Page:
While some market observers believe that the SEC’s latest regulatory push is targeting crypto as a whole, bitcoin and ether – the two largest cryptos in market value – appear to fall outside this growing scrutiny, if applying the Howey test. Moreover, both assets were conspicuously omitted from any lists potentially categorizing them as securities. In fact, because of their decentralized governance and issuance, they are much more like commodities than securities.
Currently, bitcoin and ether account for close to 70% of all cryptocurrencies’ market capitalization. Since the SEC’s announced suit against Binance, Bitcoin’s market cap dominance has increased by 3%.
Bitcoin’s market share has declined from 20.52% to 20.1%, while ETH’s has declined from 20.52% to 20.1%. Overall, their combined market cap dominance has increased by approximately 2%, while their correlations have risen by approximately 6%.
It may be better to call bitcoin and ether digital water. The immutable nature of their code represents their solid state, and their ability to adapt to multiple regulatory scenarios represents their liquid state.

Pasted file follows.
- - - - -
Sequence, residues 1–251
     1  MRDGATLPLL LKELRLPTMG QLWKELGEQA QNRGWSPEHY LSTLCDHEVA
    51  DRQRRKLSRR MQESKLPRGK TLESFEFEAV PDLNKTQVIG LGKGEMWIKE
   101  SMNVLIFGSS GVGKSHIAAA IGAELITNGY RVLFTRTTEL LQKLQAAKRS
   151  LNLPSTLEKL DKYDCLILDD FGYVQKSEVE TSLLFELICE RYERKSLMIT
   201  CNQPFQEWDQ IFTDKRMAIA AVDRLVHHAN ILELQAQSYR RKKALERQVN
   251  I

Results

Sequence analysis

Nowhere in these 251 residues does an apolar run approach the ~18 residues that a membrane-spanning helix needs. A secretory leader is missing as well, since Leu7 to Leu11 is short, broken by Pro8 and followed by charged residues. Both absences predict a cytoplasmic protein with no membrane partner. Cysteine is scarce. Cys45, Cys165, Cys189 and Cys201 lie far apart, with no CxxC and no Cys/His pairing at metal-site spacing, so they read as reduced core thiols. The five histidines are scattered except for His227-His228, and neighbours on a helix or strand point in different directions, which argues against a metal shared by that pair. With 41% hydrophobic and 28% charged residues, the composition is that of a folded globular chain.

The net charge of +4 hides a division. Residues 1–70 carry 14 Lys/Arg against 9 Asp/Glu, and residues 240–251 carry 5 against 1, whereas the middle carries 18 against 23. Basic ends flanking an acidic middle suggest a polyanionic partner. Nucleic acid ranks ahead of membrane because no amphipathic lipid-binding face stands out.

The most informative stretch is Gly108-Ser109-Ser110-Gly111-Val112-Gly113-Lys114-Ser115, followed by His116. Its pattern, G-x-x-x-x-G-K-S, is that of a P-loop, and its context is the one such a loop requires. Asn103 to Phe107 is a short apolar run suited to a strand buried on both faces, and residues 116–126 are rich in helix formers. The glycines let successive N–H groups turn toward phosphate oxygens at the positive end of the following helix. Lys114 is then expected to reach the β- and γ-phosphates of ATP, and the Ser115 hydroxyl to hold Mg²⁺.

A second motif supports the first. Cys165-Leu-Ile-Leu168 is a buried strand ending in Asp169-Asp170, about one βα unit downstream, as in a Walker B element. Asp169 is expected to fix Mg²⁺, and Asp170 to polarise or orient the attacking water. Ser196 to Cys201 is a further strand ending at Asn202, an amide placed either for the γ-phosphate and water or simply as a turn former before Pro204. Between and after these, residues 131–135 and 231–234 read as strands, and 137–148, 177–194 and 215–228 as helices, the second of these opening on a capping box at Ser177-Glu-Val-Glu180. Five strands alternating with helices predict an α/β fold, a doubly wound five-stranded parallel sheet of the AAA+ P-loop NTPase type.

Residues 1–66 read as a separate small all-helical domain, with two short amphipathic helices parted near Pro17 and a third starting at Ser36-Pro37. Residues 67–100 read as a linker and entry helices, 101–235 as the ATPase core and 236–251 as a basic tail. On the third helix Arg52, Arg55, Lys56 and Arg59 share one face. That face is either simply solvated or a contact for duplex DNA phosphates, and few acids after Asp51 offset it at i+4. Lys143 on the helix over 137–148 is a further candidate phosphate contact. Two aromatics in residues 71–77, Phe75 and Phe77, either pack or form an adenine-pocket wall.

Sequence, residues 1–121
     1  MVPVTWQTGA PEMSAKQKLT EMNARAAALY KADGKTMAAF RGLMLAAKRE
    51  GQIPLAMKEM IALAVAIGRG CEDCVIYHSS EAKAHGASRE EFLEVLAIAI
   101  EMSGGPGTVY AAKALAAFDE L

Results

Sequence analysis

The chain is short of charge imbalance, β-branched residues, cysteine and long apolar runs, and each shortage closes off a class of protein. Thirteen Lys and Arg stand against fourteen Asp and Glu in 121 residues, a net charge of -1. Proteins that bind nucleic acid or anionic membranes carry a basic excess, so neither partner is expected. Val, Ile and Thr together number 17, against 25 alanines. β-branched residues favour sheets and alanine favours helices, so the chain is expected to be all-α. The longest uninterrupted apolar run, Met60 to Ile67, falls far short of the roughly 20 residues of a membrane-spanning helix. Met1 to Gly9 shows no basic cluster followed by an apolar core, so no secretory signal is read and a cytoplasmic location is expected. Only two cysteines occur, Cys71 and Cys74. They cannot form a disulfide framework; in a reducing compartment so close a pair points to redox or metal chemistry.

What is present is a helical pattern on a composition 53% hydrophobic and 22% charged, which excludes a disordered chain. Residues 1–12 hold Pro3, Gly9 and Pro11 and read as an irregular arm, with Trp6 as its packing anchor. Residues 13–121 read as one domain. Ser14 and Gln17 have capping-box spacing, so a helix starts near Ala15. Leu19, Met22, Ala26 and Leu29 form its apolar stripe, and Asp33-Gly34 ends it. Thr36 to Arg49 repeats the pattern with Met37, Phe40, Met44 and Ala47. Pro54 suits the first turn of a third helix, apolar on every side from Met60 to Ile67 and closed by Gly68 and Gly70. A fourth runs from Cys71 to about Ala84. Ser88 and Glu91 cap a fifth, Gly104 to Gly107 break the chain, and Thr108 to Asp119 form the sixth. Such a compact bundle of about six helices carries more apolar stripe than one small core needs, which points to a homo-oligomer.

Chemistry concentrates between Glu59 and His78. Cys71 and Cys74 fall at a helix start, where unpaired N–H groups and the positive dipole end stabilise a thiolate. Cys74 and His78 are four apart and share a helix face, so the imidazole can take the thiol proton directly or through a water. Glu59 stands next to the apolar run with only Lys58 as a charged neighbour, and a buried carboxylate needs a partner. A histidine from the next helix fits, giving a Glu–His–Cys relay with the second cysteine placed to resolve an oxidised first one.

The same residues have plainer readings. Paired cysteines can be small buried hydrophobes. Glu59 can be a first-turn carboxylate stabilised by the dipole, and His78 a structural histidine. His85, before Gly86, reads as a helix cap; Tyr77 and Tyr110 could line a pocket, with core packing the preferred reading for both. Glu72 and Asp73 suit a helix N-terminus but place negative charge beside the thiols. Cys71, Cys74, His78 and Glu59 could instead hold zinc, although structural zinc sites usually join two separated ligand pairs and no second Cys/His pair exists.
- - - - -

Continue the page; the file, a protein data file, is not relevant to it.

As it turns out, the Howey Test’s inapplicability may ultimately provide confidence for newer investors, allowing the SEC to focus on a shrinking market.
The late Glenn Williams Jr.

Time to Monitor Crypto Liquidity

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It is often overshadowed by the significance of underlying liquidity trends in crypto markets that a lot of attention is focused on scrutinizing price gyrations. These lenses can help market participants understand where we stand in the cycle and navigate the market more effectively.
In general, price movements accompanied by thin volumes are of lower quality than those accompanied by high volume trading. Thin volumes indicate limited market participation at a specific price level, potentially resulting in increased volatility and reduced market depth. Conversely, higher trading volumes reflect broader market participation that indicates a more robust consensus and provides a more reliable foundation for price movements, enhancing the credibility of the signal.
The crypto trading volumes for spot (left) and futures (right) have generally trended downward.
The significant drop in BTC volumes in March 2023 after Binance ended its zero-fee trading policy for some key market pairs is one such example of a change in market structure rather than investor preferences.
There have been several instances where market preferences have changed. Trading volumes of assets other than BTC and ETH have plummeted the most, as investors have shifted to more battle-tested investments. Among the more prominent names, the shrinking liquidity trend has been particularly evident for DOGE, Litecoin (LTC) and SOL.